Tanzanian sign languages
Seven or so Tanzanian sign languages were developed independently among deaf students in separate Tanzanian schools for the Deaf starting in 1963, though use of several is forbidden by their schools. In 1984, a standardized Tanzanian Sign Language was proposed by the Tanzania Association for the Deaf, using common or similar signs where these exist in the schools which allowed research, but it has not been officially implemented, and there remains little influence between the languages. A dictionary has been produced.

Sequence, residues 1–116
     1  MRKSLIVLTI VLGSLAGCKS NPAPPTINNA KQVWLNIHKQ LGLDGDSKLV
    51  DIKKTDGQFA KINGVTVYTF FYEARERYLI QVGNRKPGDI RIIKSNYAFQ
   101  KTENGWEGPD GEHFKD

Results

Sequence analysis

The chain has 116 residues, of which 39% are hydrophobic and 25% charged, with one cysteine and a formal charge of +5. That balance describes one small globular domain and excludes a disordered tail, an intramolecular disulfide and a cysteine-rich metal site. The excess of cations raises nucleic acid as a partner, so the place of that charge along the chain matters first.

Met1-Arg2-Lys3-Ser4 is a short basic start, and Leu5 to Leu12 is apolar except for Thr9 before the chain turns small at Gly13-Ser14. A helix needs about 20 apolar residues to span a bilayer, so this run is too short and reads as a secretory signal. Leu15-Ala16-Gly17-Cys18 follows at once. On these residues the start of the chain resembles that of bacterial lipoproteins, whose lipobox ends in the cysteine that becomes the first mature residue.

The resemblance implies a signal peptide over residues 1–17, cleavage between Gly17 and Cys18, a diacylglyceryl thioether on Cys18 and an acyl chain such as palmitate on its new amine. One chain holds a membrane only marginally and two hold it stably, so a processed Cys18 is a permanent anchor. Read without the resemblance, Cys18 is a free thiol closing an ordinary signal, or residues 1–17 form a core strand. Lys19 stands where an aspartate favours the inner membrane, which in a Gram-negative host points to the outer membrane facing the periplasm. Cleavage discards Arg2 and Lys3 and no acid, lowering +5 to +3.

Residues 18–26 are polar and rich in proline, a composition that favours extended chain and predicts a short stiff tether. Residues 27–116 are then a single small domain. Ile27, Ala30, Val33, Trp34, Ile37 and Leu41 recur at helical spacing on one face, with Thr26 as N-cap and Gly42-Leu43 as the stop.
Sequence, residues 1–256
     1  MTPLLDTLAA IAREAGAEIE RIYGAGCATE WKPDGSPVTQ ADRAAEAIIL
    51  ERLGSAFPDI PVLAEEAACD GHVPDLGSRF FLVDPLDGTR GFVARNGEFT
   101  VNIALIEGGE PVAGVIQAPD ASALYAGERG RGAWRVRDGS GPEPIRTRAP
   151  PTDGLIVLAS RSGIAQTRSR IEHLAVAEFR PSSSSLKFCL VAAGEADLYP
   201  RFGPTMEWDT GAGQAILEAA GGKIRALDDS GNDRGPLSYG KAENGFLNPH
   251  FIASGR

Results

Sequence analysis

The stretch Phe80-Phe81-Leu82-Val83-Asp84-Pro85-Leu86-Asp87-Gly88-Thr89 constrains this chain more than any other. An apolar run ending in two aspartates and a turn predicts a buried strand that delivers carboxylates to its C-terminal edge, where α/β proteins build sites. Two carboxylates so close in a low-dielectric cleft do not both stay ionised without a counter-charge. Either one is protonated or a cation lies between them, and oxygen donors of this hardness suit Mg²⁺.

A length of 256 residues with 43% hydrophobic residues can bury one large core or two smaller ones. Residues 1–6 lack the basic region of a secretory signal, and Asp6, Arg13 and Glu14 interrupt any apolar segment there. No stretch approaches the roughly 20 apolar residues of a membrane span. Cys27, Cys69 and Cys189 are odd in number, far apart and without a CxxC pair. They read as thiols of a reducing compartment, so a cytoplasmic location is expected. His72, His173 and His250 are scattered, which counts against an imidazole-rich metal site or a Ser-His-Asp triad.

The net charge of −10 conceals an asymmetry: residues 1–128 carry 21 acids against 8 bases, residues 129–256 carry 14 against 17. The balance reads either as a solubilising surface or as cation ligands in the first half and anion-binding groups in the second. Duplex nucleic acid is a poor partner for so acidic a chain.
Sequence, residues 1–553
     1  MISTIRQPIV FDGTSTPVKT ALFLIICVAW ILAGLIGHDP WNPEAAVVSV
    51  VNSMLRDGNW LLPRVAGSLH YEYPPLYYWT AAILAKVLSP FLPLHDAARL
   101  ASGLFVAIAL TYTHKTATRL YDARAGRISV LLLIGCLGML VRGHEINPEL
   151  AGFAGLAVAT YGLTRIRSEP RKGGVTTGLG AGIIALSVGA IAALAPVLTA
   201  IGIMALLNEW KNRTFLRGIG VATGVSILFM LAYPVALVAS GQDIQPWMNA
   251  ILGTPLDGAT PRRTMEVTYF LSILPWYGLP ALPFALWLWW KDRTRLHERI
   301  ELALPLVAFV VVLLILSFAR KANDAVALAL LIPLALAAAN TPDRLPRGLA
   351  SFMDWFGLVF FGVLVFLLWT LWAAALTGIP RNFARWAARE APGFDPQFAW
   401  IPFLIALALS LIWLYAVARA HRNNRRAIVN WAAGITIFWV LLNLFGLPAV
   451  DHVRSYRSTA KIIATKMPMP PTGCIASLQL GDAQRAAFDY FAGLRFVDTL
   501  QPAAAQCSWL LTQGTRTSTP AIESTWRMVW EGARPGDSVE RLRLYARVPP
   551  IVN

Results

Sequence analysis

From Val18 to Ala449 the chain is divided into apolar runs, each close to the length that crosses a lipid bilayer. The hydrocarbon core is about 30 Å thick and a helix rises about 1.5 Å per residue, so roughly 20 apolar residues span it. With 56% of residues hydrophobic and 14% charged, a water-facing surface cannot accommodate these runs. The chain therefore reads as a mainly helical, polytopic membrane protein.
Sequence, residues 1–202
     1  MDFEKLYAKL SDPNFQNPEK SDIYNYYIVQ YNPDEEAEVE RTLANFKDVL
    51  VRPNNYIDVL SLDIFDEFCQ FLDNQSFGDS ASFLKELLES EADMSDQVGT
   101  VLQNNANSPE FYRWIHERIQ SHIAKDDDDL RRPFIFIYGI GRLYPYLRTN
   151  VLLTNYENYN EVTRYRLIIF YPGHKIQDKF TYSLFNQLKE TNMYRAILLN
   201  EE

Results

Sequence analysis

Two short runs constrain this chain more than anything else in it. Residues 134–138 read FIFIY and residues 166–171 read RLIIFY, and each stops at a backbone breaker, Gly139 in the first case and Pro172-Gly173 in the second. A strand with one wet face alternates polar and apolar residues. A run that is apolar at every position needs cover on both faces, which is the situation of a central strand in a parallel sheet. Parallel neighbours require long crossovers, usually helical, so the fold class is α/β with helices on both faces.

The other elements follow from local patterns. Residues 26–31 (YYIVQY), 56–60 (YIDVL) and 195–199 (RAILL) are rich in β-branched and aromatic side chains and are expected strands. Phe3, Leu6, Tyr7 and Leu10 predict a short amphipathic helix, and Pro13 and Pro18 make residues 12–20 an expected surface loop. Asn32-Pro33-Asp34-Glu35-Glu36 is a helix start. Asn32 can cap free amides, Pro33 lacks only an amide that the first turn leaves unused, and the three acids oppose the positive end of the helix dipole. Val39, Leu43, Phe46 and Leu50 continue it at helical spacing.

- Tanzanian sign at Ethnologue (18th ed., 2015)
- Hammarström, Harald; Forkel, Robert; Haspelmath, Martin, eds. (2017). "Tanzanian Sign Language". Glottolog 3.0. Jena, Germany: Max Planck Institute for the Science of Human History.
- Muzale, MRT (2004). Kamusi ya Lugha ya Alama ya Tanzania (LAT) / Tanzanian Sign Language (TSL) Dictionary. ISBN 9987-691-02-1.
^a Sign-language names reflect the region of origin. Natural sign languages are not related to the spoken language used in the same region. For example, French Sign Language originated in France, but is not related to French. ^b Denotes the number (if known) of languages within the family. No further information is given on these languages.